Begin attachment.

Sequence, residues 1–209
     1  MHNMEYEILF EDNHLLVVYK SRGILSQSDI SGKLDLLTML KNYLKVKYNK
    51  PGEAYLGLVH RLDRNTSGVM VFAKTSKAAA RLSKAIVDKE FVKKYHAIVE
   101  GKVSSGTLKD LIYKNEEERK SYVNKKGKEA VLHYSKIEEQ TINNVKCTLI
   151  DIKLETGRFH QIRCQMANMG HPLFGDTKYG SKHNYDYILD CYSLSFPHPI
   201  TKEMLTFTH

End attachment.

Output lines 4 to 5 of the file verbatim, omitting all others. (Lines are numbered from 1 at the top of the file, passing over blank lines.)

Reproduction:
   101  GKVSSGTLKD LIYKNEEERK SYVNKKGKEA VLHYSKIEEQ TINNVKCTLI
   151  DIKLETGRFH QIRCQMANMG HPLFGDTKYG SKHNYDYILD CYSLSFPHPI